Originally published on metropolis.co.jp on October 2010

Photos by Benjamin Parks

Maruichi Sennoh stands in the middle of the room twirling a bright blue Japanese parasol. “Anyone can balance a parasol on the palm of their hand with a little practice,” he says, demonstrating this. “Balancing it on the tip of your shoulder takes a little more.” He then takes the umbrella, turns it sideways, and deftly stabilizes the entire object by its razor-thin rim on his chin. “Now this trick. This one I’ve been working on for about 60 years.” At 70 years old, Sennoh, head of the Edo Daikagura Troupe, is the world’s oldest master juggler.

Daikagura is a form of kagura, one of the oldest traditional performing arts in Japan, with roots in the Heian period. It is known to many Japanese by its signature act, the shishi-mai (lion dance), but also includes juggling arts like spinning objects on the top of umbrellas. The Edo Daikagura troupe dates back over 400 years and regularly performs at festivals and celebrations to bring good fortune to participants. Complete mastery of all of their arts requires proficiency in dancing, playing instruments, and juggling, all of which entails rigorous daily practice.

Sennoh should know—he was practically born into the business. At the age of 8, he began his career as the adopted trainee of the 12th master of Edo Daigakura, Kagami Kosen. Five years later, he undertook his first major performance—a party for the Showa Emperor in which Sennoh juggled in front of the entire imperial family. Although only 13 years old and performing for what could be called the most intimidating audience in all of Japan, he only dropped his tools once. “After the performance, my father told me it was good that I made that mistake. If I hadn’t, he said, they would have thought I was a god.”

While one might hesitate to call Sennoh’s appearance divine, he’s certainly one of the most energetic ojisan in Tokyo. He also happens to be the most adept member of his troupe. Much of Sennoh’s repertoire involves taking traditional Japanese objects—umbrellas, balls of string, teapots—and manipulating them in amazing ways. “Daikagura is an art for the common people and common objects lie at its soul,” he says as he twirls an umbrella in his hands. “Taking the ordinary and making it extraordinary is what we do.”

Since his imperial debut, Sennoh and his troupe have performed in venues from Manila to Munich and even Las Vegas. “Foreign audiences love us because of the uniqueness of our art,” he says.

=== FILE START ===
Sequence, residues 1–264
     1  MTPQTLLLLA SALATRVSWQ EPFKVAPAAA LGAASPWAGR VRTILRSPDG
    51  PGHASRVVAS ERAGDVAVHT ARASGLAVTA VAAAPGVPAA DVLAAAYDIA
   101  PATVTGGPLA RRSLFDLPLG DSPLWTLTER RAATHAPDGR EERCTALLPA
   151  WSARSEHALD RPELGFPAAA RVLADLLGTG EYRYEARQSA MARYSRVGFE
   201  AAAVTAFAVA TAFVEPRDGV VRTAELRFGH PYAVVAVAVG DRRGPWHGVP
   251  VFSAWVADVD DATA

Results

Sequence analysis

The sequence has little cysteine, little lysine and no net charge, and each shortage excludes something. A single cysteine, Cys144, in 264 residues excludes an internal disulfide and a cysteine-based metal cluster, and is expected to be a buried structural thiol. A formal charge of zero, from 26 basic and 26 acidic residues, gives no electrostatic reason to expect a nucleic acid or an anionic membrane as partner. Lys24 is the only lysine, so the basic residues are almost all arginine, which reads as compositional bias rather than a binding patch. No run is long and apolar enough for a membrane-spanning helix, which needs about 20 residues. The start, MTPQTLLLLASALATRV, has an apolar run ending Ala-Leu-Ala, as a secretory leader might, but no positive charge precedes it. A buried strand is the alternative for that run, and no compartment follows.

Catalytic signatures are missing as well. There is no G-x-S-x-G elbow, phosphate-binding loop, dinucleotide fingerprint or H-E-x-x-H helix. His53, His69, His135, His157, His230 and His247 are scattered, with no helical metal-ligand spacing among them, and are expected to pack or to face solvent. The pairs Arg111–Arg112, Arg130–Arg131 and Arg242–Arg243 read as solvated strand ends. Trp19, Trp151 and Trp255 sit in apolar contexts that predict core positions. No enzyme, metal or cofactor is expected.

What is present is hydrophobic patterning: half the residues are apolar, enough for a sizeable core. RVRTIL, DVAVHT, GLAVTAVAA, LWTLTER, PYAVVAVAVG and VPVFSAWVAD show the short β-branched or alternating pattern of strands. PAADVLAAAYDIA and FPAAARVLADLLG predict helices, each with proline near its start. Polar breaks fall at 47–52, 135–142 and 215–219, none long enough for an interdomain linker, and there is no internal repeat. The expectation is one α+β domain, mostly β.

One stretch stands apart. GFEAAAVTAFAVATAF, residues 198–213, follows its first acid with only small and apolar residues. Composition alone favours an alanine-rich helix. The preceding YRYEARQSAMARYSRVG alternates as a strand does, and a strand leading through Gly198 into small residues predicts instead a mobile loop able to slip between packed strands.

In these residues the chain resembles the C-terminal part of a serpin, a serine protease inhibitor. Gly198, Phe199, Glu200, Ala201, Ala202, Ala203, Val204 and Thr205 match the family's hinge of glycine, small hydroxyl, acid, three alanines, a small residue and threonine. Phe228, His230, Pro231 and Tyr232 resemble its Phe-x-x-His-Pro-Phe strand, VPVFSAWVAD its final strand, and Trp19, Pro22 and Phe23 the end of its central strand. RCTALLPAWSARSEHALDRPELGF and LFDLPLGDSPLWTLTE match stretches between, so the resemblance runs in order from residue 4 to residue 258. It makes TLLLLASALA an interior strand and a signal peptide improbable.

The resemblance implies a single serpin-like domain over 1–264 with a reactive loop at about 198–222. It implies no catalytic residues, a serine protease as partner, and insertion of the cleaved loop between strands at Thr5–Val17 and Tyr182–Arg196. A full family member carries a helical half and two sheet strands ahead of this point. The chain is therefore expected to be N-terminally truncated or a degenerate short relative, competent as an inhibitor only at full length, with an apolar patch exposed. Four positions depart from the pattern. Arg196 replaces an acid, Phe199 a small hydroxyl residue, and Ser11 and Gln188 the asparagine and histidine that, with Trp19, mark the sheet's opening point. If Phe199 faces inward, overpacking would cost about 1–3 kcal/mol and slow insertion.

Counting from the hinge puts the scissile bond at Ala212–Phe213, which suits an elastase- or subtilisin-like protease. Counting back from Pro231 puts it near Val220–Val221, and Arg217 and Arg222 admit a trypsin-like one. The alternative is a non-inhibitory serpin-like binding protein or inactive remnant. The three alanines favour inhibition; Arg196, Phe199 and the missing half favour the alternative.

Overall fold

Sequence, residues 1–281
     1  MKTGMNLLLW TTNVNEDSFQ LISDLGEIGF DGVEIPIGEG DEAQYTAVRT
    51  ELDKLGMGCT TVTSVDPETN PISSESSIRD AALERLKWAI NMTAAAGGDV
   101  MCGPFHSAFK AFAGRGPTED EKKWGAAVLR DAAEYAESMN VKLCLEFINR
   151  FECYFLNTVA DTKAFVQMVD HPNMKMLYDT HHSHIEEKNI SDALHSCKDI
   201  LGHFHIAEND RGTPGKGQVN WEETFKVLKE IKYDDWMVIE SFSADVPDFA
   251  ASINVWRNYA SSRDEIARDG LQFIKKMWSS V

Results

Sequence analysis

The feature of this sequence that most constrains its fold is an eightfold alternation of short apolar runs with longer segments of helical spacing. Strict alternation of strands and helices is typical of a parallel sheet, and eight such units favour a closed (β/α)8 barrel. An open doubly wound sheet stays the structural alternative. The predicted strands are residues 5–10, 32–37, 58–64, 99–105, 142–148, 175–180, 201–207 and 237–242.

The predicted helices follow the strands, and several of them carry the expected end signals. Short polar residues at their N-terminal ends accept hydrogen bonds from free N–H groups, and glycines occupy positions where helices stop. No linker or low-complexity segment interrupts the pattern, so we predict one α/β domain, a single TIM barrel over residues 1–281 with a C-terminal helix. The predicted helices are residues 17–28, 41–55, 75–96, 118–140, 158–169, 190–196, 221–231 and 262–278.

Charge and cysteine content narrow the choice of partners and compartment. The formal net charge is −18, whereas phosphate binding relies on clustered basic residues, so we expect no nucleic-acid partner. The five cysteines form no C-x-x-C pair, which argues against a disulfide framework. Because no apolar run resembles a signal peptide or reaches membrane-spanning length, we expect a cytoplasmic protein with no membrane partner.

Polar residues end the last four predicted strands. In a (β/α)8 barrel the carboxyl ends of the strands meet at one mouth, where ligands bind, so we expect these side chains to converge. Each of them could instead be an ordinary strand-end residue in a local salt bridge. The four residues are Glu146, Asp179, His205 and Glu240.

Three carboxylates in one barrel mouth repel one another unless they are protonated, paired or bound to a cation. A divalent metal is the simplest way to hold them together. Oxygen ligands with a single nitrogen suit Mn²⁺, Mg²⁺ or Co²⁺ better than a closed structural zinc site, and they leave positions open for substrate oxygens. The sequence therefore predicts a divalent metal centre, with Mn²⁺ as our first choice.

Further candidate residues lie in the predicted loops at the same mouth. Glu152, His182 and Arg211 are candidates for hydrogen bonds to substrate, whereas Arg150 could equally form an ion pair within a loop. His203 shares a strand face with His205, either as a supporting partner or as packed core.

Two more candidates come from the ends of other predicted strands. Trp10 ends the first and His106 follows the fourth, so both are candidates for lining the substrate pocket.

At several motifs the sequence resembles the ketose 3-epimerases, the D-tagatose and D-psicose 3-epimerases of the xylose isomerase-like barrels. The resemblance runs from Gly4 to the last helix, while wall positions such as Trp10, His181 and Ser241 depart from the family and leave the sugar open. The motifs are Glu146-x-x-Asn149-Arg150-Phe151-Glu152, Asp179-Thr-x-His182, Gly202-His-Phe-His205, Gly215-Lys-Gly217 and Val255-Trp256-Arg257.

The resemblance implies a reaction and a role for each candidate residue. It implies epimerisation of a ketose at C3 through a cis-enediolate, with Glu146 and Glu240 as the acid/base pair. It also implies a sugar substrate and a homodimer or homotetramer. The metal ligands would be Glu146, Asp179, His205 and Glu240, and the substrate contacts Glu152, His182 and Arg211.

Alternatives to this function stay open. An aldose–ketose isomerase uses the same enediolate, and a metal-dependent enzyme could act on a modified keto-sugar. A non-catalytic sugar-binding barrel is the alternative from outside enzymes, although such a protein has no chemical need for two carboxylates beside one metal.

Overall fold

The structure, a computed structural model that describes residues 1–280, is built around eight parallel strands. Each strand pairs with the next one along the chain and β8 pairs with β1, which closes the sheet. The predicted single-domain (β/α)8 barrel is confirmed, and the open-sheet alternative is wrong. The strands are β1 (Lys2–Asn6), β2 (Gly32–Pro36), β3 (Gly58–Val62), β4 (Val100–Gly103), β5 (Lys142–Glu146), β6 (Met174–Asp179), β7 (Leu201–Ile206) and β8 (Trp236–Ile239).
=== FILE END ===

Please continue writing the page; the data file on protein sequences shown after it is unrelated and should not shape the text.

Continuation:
The biggest difference between daikagura practitioners and typical jugglers is their adaptability. The troupe claims it can perform its act in any space, no matter how small the stage or how low the ceiling may be. This is primarily possible because, for the most part, practitioners do not move their feet as they perform. They compensate by keeping a straight backbone—similar to Japanese martial artists. “Being based in Tokyo will do that to your act,” Sennoh says with a laugh. “There’s no space in this city! We can perform in sushi shops, bathhouses, geisha teahouses. You name it, we’ve done it.”

All performers must also execute their act in kimonos, which adds additional difficulty by restricting movement significantly. “Jugglers in America, they throw the balls and clubs under their legs, right?” says Sennoh. “We can’t do that—the kimono would get in the way.” Yet the long sleeves of the kimono do have the benefit of accentuating the moves of each performer as they balance, twirl and dance.

The traditional equipment used in daikagura adds another layer of difficulty. “In addition to everyday objects like teapots or umbrellas, we have to make older objects from a previous generation ourselves, like te-mari [decorative balls of string],” Sennoh explains. “Western juggling objects are made to be juggled; they spin and fly through the air easily. Not so with our stuff. The teapot that my disciple balances on a stick is just that—a teapot. And if he drops it, it will break, just like a regular teapot.” (Incidentally, part of the reason the teapot trick is so difficult is because the stick is held in the performer’s mouth.)